Normally, a person seeking Social Security disability benefits must prove that he is unable to perform any full-time work. (It is not enough for applicant to show that he or she is unable to perform his past work.) However, at step five of the Sequential Evaluation Process, the rules are relaxed somewhat for certain applicants who are 50 years old and older, relaxed even more for certain applicants who are 55 and older, and relaxed even more for certain applicants who are 60 and older. According to SSA’s Medical-Vocational Guidelines (the “Grid” Rules), a 50-year-old may be found “disabled” in some circumstances even if he or she can still perform sedentary work, a 55-year-old may be found “disabled” in some circumstances even if he or she can still perform light work, and a 60-year old may be found disabled in some circumstances even if he or she can still perform medium work.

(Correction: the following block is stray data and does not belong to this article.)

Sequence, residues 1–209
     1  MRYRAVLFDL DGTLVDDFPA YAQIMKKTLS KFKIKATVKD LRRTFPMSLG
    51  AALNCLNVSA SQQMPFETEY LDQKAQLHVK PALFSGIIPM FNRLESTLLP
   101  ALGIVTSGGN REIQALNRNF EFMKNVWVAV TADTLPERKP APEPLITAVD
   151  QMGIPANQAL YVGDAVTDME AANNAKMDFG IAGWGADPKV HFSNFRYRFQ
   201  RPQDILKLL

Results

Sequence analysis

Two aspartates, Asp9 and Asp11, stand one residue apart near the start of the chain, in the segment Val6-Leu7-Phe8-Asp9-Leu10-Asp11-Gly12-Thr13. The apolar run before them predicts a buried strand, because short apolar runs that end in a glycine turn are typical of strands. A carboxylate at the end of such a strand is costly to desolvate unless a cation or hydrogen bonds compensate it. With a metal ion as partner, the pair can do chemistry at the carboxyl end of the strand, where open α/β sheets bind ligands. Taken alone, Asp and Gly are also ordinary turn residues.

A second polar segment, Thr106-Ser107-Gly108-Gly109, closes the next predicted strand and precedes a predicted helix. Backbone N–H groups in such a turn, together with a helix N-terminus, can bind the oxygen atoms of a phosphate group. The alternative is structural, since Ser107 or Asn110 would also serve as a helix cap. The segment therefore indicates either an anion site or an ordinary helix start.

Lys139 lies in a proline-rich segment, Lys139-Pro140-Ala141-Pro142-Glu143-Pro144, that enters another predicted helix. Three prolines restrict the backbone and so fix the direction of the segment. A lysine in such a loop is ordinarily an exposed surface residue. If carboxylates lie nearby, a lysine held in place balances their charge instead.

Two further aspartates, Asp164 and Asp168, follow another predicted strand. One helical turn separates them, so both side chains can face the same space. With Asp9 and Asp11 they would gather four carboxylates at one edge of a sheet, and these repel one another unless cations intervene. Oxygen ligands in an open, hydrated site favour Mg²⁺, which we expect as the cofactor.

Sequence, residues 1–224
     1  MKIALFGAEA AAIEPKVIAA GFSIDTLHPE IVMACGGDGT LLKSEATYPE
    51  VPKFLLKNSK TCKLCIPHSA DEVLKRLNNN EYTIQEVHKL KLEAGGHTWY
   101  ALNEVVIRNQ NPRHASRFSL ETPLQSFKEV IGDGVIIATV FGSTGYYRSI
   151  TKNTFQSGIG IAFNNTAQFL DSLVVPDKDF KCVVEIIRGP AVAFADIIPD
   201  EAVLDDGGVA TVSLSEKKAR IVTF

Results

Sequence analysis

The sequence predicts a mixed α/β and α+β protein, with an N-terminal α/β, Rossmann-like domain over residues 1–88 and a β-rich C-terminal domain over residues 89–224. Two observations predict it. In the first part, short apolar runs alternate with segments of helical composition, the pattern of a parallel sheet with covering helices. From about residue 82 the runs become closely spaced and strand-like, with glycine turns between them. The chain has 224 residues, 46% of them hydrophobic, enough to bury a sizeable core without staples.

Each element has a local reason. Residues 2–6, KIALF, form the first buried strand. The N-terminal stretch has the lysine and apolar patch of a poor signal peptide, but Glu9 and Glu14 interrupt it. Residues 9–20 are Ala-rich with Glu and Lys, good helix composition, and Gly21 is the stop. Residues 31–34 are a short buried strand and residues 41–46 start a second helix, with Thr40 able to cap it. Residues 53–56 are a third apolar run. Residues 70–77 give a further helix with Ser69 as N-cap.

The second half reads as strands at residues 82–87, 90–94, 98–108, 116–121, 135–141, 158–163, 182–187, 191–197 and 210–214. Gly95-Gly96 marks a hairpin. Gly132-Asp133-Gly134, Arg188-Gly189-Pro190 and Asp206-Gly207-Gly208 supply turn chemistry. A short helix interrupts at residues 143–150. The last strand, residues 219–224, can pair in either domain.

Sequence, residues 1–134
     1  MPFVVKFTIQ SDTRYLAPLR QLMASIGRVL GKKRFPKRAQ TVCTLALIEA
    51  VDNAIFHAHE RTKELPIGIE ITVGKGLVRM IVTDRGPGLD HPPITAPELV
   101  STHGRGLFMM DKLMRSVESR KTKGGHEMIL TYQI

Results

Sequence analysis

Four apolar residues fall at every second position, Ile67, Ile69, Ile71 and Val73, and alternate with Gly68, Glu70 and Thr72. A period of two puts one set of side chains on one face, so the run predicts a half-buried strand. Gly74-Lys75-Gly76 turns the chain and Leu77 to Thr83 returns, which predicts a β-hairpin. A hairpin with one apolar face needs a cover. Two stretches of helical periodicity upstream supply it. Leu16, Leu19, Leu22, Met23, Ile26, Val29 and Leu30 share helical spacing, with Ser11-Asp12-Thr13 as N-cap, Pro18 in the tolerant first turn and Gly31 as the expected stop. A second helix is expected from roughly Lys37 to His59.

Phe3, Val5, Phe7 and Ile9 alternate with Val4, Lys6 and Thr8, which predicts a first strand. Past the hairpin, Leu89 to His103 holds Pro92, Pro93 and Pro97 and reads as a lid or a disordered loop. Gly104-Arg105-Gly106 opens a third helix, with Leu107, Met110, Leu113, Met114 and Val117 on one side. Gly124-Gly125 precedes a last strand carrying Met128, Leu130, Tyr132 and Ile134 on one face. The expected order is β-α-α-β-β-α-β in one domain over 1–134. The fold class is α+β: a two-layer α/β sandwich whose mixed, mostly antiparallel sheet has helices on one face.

However, in order to take advantage of these step five “grid” rules, it must be shown that the applicant: (1) cannot perform his past relevant work, if any; and (2) has not, in the course of performing his past relevant work, acquired skills that are readily transferable to lighter work.
The issue of transferable skills is tricky, but can provide fertile ground for an experienced attorney to win difficult cases, especially when the claimant is age 55 or older. The law provides that when a claimant attains the age of 55 there can be no transferability of skills unless the job to which the skills transfer can be done with no more than “very little” vocational adjustment in terms of tools, work processes, work settings, or the industry.
The “grid” rules are complicated. If you 50 or older, we would encourage you to call us, as we would be happy to review your work history and let you know if these special rules apply to you.